Surprises abound in James Sewell's choreography for the James Sewell Ballet, a polished gem of a chamber dance troupe from Minnesota that opened its first extended season in New York at the Joyce Theater on Tuesday night.

Mr. Sewell is no stranger to the city, but few New Yorkers have been able to watch him develop, at 43, into one of American ballet's most inventive choreographers. A leading dancer in Eliot Feld's company in the 1980's, he founded his dance troupe in New York in 1990, but then moved it to his hometown, Minneapolis, in 1993.

When the group, essentially a new company, appeared in New York briefly for the first time since then in 2001 at the Kaye Playhouse and again last year at Brooklyn College, Mr. Sewell's creative breakthrough was more than obvious. Different and unpredictable, this is the company to see.
more

Author:  kurinuku [ Wed Jan 28, 2004 4:40 pm ]
Post subject:  Re: James Sewell Ballet

Quote:
Having Taken Flight

By DEBORAH JOWITT
The Village Voice
January 28 - February 3, 2004

Legibility of design is a major component of his choreography. In Moving Works (1996), with music ranging from Monteverdi and Bach to Combustible Edison and Kodo drummers, his eight dancers print their every position on the space.
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<small>[ 28 January 2004, 05:41 PM: Message edited by: kurinuku ]</small>

Author:  kurinuku [ Thu Dec 02, 2004 2:00 am ]
Post subject:  Re: James Sewell Ballet

Quote:
James Sewell Ballet delivers stunning performance

By RACHAEL GILMAN
University Register
December 02, 2004

Last Saturday, November 20, I went to Edson to see the James Sewell Ballet perform "Amahl and the Night Visitors." I thought "Oh great, ballet...this will either be really good or really boring." I was almost right.a It was really good and it was more than I expected it to be.
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Author:  Francis Timlin [ Mon Apr 25, 2005 4:08 pm ]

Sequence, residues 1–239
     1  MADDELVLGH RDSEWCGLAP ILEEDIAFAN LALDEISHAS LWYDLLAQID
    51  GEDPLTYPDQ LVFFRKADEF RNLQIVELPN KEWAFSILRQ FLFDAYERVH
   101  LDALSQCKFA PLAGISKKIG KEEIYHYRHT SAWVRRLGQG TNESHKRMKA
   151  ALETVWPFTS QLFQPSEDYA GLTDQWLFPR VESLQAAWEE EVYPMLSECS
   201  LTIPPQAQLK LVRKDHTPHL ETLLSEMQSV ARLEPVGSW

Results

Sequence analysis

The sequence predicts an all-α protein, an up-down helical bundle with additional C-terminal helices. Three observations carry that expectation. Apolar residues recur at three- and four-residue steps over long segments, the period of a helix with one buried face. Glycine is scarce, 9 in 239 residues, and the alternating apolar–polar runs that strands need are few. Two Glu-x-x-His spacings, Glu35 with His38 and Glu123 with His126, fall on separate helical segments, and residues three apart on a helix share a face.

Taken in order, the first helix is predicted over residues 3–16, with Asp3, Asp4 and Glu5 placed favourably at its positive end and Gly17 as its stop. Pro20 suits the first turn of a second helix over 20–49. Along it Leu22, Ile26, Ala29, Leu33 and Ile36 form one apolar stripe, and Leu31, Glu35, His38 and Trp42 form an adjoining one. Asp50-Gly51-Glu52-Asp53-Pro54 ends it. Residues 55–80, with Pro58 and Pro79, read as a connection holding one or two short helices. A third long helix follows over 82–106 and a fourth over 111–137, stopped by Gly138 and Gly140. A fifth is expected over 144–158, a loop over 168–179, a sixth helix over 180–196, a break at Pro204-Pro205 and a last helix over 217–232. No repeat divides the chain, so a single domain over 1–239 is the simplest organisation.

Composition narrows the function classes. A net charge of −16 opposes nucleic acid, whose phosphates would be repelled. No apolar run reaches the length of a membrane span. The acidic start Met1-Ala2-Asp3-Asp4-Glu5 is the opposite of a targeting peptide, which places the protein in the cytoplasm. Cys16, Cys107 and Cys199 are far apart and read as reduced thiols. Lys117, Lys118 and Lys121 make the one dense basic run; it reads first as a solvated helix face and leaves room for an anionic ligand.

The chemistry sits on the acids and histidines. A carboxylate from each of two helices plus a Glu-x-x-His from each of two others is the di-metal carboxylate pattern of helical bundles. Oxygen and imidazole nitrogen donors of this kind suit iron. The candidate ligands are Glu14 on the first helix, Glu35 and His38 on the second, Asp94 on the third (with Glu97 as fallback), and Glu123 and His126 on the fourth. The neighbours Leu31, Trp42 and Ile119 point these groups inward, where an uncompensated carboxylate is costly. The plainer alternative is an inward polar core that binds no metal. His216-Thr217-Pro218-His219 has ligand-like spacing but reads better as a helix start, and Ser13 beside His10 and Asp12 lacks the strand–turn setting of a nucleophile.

Post subject: 

Camille LeFevre reviews the James Sewell Ballet's spring program in the Minneapolis Star Tribune:

http://www.startribune.com/stories/462/5364674.html

Author:  Francis Timlin [ Mon Oct 10, 2005 12:45 pm ]
Post subject: 

Garrison Keillor appeared as the narrator in James Sewell's production of "Guy Noir" at Minneapolils' State Theatre, October 1-2, 2005. Camille LeFevre reviews the performance in the Minneapolis Star-Tribune:

Minneapolis Star-Tribune

Author:  kurinuku [ Thu Apr 06, 2006 5:56 am ]
Post subject: 

Quote:
Point Shoes and Gumshoes: Guy Noir Helps a Dame Using Power Tools
by JENNIFER DUNNING for the New York Times

The centerpiece of the program by the James Sewell Ballet that opened on Tuesday at the Joyce Theater was a murder-mystery ballet set at the Acme Tulle Company. It sounded almost as deadly as an evening of Gilbert and Sullivan. But Mr. Sewell mostly avoided the pitfalls in his lighthearted "Guy Noir: The Ballet."

published: April 6, 2006
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Author:  kurinuku [ Mon Apr 10, 2006 1:20 am ]
Post subject: 

Quote:
James Sewell Ballet - The Joyce Theater, New York
by HILARY OSTLERE for the Financial Times

Sewell's Guy Noir (Benjamin Johnson) is a dancing detective cast in the Chandler mould: he chomps a cigar, wears a trenchcoat and fedora and is dazzled but not duped by a double-crossing blonde (Peggy Seipp-Roy). He's also adept at multiple pirouettes. Keillor's deadpan voiceover narrates the story about a contest held in a power tool factory for the best dance commercial.

published: April 10, 2006
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Author:  salzberg [ Mon Apr 10, 2006 6:22 am ]
Post subject: 

It should be noted that Garrison Keillor is not merely the narrator; Guy Noir is a character created by Mr. Keillor for his radio show, A Prairie Home Companion.

Author:  kurinuku [ Thu Apr 20, 2006 12:56 pm ]
Post subject: 

Quote:
Time Flies/Creeps By
A bright troupe in from the prairie channels Garrison Keillor
by DEBORAH JOWITT for the Village Voice

Without Keillor's words, the plot wouldn't scuttle along as expeditiously as it does, but Sewell comes up with some clever dance ideas for his whodunit, which centers on a choreographic competition sponsored by the Acme Tulle Company (the "Tulle" is a silly joke; it's tools we're dealing with). Penelope Freeh as Martha Isadora gets a lot of mileage out of a buzzing chainsaw with a very long cord.

published: April 18, 2006
more...